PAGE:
However under Kuntoro, the presidential delivery unit and legal task force has begun tackling legal reform, for example exposing graft in the prison system and investigating officials suspected of perverting the course of justice. [ID:nJAK470187]

What to watch:

-- Effectiveness of Kuntoro's presidential delivery unit in tackling legal reform and other issues that deter investors.

-- Pace of reform of Indonesia's civil service, police and courts. Yudhoyono's cautious response to the power struggle over the KPK suggests he will move much more slowly than markets had hoped, confirming his reputation for preferring gradual change to bold, sweeping reform. Investors betting on more decisive reform during Yudhoyono's second term have had to adjust expectations.


The rupiah was Asia's best-performing currency in 2009 with a gain of 17 percent against the dollar, threatening Indonesia's export competitiveness, and is up about 4.4 percent this year, making it one of the region's better performers. Memories are still raw of the 1998 Asian crisis, which was widely blamed in Indonesia on foreign "hot money" being yanked from the country. The central bank says it will keep intervening to stem the rupiah's gains but seems comfortable with steady appreciation as this helps to contain imported inflation.

Late last year the senior deputy governor said Bank Indonesia was studying the possibility of curbing foreign ownership of its short-term debt, or SBIs, sparking speculation about tighter capital controls. Instead, in March, it began reducing the frequency of auctions for one-month SBIs, which has resulted in foreign investors shifting to three-month paper. [ID:nJAK197199]

What to watch:

-- Data on exports and speculative inflows, and whether the central bank's measures for SBI auctions has the desired effect of reducing volatile short-term capital inflows. If problems arise, controls may be tightened. Draconian measures that send investors fleeing to the exits are unlikely -- measures would be aimed at directing flows, rather than halting them, so any negative impact on asset prices would be muted. However, the issue can still spook markets -- the rupiah suffered its biggest one-day sell-off in nine months last November due to mixed signals on capital controls. [ID:nHKG263506]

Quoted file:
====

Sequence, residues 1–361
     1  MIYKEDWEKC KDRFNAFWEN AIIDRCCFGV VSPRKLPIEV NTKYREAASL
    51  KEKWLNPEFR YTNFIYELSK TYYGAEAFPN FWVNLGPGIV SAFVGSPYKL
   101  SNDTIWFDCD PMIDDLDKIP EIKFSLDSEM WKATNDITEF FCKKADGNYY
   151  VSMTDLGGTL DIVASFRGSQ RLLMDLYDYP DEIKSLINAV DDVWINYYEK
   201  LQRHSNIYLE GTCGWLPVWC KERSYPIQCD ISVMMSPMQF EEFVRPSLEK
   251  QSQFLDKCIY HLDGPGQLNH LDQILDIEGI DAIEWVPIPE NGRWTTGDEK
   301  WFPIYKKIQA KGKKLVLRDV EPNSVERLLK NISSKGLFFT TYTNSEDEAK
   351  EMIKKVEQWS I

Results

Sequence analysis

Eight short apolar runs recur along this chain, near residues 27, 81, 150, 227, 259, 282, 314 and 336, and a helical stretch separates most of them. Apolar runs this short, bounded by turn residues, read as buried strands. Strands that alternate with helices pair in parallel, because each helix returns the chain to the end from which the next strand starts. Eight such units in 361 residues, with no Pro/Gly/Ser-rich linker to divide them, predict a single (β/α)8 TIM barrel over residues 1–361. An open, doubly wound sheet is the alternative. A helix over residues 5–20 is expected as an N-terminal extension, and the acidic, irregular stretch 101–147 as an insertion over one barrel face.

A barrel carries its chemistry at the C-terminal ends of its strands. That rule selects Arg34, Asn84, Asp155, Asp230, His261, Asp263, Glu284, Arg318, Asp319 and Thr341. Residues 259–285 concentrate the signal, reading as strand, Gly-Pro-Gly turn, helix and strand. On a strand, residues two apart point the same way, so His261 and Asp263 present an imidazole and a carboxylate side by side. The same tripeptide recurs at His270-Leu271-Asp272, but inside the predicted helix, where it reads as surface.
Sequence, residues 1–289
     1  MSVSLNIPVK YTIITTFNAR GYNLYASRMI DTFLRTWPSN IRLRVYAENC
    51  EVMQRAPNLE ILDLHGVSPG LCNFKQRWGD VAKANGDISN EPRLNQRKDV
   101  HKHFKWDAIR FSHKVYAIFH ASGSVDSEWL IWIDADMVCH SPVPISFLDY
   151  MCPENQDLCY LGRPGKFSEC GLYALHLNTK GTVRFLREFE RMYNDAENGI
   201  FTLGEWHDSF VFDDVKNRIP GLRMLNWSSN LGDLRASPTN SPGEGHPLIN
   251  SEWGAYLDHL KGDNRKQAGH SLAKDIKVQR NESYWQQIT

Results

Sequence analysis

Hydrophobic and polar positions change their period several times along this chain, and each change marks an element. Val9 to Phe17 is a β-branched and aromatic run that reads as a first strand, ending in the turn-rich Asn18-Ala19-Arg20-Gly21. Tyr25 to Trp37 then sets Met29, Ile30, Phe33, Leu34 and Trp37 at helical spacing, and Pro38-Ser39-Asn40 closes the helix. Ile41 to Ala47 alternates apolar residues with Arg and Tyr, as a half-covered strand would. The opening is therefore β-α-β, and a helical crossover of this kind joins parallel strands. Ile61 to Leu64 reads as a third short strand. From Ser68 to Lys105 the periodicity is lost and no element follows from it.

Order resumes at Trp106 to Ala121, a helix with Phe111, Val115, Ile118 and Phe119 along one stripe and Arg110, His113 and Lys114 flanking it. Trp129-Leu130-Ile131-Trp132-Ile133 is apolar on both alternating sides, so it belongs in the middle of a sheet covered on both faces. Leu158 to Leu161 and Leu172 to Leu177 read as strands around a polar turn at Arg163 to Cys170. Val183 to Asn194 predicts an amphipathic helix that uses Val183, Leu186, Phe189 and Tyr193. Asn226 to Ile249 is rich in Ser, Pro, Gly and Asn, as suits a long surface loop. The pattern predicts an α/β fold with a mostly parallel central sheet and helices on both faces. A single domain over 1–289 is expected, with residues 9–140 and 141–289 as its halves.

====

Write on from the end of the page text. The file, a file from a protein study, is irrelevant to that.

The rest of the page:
Suicide bombings at two luxury hotels in Jakarta last July were the first major terror attacks in Indonesia since 2005 and raised concerns that the threat from militants was again on the rise. Since then, the killings of Noordin Mohammad Top and, more recently, the bomb-making expert Dulmatin, have significantly reduced that threat. But some risk persists.

Police recently discovered a new network of armed Islamist militants operating a secret training base in Aceh in Sumatra province. Also, analysts have warned that militants are using the prison system to recruit and spread their ideology, while recent trials of militants have presented evidence that funding came from the Middle East -- a worrying trend as it show militants are managing to establish international links. [ID:nJAK486152]

What to watch:

-- Ability of militants to regroup and launch more attacks. Particularly if remaining militants are able to establish firm enough links with al Qaeda or allies in Southeast Asia to secure sustained funding, expertise and recruits, the threat may be far from over. But Indonesia's markets have proven highly resilient to militant attacks. Unless there is a significant and sustained deterioration in security, or militants reignite sectarian unrest, any sell-off would be small and brief.